Projects per year
Asymmetric cell divisions are required for cellular diversity and defects can lead to altered daughter cell fates and numbers. In a genetic screen for C. elegans mutants with defects in dopaminergic head neuron specification or differentiation, we isolated a new allele of the transcription factor ham-1 [HSN (hermaphrodite-specific neurons) abnormal migration]. Loss of both ham-1 and its target, the kinase pig-1 [PAR-1 (I)-like gene], leads to abnormal dopaminergic head neuron numbers. We identified discrete genetic relationships between ham-1, pig-1 and apoptosis pathway genes in dopaminergic head neurons. We used an unbiased, quantitative mass spectrometry-based proteomics approach to characterise direct and indirect protein targets and pathways that mediate the effects of pig-1 kinase loss in C. elegans embryos. Proteins showing changes in either abundance, or phosphorylation levels, between wild-type and pig-1 mutant embryos are predominantly connected with processes including cell cycle, asymmetric cell division, apoptosis and actomyosinregulation. Several of these proteins play important roles in C. elegans development. Our data provide an in-depth characterisation of the C. elegans wild-type embryo proteome and phosphoproteome and can be explored via the Encyclopedia of Proteome Dynamics (EPD) – an open access, searchable online database.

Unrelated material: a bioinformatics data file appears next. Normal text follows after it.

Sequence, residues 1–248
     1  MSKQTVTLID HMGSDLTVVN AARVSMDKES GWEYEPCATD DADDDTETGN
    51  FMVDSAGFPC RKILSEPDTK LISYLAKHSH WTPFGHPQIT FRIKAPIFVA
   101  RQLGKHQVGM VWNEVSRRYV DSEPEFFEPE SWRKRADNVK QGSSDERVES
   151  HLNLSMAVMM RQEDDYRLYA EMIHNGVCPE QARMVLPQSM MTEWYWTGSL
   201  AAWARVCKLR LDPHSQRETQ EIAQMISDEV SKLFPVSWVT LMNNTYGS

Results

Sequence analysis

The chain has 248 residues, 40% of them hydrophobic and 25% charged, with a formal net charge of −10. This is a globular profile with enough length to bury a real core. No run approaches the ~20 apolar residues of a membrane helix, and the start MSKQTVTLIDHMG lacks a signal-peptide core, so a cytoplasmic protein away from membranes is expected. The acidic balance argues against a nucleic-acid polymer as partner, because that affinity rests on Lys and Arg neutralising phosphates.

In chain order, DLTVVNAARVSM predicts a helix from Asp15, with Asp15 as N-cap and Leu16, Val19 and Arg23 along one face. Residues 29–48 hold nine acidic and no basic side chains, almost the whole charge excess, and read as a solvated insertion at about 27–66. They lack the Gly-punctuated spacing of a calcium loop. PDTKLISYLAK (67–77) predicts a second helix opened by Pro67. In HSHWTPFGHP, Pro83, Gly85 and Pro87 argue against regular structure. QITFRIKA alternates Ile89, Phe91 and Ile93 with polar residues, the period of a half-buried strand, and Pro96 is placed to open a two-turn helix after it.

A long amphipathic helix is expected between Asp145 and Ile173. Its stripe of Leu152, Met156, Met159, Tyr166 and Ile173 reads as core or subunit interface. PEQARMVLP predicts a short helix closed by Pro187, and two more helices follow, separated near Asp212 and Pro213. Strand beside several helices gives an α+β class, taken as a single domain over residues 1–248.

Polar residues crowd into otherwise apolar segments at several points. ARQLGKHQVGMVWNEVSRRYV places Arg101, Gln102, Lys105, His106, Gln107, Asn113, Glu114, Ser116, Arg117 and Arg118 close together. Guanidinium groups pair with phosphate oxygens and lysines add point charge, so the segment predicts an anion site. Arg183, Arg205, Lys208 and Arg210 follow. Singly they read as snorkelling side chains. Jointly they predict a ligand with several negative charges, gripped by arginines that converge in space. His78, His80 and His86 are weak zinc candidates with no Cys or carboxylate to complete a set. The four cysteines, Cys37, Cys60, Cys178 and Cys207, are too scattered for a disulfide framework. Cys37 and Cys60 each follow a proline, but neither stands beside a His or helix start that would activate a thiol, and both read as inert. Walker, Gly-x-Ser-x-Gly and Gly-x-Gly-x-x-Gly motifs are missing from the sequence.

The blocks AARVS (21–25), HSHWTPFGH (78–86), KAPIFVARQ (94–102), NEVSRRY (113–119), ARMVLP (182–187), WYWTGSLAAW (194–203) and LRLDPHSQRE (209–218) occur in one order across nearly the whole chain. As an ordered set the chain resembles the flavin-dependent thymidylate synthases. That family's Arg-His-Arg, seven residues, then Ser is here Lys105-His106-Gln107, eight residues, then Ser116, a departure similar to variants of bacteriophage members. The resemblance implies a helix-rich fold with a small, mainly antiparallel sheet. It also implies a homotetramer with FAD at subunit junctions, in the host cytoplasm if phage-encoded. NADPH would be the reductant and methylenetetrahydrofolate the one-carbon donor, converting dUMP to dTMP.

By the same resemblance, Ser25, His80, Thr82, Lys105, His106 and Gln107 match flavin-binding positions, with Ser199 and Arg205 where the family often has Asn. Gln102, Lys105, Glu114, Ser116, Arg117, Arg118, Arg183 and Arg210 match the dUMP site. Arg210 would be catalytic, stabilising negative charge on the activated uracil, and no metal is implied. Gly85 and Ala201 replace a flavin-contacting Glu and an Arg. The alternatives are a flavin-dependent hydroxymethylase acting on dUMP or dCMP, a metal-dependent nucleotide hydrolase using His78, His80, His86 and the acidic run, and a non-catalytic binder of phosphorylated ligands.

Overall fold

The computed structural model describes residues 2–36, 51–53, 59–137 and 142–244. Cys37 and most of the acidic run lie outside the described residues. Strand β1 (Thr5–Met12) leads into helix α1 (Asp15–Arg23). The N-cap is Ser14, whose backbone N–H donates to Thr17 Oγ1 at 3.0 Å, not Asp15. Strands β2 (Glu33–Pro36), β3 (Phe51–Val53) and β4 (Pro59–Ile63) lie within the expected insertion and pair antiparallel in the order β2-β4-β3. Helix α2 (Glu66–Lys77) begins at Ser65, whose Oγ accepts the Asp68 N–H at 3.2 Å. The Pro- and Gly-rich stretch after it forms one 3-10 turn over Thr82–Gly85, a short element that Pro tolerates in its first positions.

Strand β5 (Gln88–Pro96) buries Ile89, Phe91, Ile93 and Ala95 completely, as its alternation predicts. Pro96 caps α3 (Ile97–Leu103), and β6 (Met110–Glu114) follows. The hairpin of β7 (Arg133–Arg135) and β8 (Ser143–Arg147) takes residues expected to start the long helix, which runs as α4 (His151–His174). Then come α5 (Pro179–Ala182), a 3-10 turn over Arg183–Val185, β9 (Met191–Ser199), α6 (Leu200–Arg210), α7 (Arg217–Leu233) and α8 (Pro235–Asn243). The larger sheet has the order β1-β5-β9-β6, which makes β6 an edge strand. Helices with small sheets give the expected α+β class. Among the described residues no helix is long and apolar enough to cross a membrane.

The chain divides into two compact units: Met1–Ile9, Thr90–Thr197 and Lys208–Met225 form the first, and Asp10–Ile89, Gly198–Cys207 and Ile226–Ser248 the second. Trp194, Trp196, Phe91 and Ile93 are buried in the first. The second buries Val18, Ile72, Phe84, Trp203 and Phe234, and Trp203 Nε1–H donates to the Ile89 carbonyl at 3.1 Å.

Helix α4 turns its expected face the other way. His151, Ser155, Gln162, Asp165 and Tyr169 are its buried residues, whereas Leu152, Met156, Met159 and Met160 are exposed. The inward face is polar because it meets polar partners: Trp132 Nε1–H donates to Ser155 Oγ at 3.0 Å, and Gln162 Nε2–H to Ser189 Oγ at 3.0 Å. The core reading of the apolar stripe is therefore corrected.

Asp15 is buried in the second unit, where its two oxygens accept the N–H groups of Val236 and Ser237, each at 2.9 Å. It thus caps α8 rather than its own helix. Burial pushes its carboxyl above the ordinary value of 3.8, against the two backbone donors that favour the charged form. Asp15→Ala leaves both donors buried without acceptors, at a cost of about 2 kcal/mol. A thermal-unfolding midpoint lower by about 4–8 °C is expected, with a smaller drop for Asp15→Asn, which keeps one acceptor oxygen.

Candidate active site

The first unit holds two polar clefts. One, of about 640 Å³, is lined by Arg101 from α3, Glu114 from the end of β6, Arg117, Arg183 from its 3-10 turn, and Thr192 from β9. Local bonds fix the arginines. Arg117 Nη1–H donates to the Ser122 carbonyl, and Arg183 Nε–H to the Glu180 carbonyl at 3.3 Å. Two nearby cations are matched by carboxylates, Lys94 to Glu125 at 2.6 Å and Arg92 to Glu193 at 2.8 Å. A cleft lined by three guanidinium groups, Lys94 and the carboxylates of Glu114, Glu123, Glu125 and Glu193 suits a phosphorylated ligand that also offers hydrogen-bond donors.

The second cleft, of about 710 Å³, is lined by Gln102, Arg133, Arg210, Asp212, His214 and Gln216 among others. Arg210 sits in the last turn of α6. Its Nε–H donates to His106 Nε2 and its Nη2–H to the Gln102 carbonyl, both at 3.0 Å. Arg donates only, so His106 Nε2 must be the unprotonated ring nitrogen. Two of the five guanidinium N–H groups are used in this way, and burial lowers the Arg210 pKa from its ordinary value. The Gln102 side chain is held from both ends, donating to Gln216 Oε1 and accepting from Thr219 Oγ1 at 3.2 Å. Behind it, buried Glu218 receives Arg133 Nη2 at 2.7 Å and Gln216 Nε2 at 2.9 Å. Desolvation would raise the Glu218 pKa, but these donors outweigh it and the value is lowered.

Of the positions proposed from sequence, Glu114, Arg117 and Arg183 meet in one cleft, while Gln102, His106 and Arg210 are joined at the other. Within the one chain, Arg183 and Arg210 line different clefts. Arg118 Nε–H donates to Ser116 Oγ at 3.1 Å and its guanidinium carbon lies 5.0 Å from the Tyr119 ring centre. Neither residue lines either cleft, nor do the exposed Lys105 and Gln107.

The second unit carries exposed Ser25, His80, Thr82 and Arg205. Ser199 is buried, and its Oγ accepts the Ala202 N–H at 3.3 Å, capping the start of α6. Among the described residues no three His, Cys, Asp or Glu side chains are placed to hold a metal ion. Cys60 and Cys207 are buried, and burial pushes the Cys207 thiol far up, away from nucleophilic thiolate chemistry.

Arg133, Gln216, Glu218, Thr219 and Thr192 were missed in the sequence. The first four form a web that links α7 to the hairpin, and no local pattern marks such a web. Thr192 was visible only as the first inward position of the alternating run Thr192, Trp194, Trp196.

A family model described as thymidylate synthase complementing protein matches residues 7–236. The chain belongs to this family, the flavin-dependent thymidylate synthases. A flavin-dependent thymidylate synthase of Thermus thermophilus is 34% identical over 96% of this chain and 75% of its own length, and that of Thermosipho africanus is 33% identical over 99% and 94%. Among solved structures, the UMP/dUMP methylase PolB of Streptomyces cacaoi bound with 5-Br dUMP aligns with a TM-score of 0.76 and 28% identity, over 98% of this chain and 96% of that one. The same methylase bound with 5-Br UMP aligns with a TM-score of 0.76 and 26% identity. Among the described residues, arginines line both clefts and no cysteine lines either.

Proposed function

|Number of pages||17|
|Publication status||Published - 28 Jun 2017|
- Caenorhabditis elegans
- Cell proliferation
- Mass spectrometry
FingerprintDive into the research topics of 'Comparative genetic, proteomic and phosphoproteomic analysis of C. elegans embryos with a focus on ham-1/STOX and pig-1/MELK in dopaminergic neuron development'. Together they form a unique fingerprint.
- 2 Finished
Multidimensional Proteomic Analysis of Metabolic Stress & Cellular Phenotypes (Strategic Grant)
1/01/15 → 31/12/19
Human iPS Cell Collection (Joint with King's College London, Sanger Centre, European Bioinformatics Institute)
1/11/12 → 1/02/18